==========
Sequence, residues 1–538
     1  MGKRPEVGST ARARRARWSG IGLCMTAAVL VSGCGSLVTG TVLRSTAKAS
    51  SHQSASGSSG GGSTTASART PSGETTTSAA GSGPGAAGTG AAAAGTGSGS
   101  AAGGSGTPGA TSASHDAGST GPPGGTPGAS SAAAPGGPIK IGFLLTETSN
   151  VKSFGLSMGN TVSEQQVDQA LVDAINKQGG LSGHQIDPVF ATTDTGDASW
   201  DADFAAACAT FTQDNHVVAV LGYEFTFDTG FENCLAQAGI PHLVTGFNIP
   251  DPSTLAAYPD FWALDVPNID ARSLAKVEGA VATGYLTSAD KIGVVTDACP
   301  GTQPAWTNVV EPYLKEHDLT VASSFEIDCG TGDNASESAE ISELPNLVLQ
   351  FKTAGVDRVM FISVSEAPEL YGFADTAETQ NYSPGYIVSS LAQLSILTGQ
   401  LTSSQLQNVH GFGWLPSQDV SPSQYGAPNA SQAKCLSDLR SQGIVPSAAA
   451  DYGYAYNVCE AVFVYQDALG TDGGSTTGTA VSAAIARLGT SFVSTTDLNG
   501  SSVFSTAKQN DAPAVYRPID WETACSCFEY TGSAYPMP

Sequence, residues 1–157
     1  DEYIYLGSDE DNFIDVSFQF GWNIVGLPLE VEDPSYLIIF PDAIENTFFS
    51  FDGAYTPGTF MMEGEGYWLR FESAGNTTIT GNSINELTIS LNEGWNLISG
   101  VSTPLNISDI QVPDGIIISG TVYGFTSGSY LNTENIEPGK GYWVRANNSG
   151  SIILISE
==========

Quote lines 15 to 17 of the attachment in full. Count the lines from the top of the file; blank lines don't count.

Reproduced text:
    51  FDGAYTPGTF MMEGEGYWLR FESAGNTTIT GNSINELTIS LNEGWNLISG
   101  VSTPLNISDI QVPDGIIISG TVYGFTSGSY LNTENIEPGK GYWVRANNSG
   151  SIILISE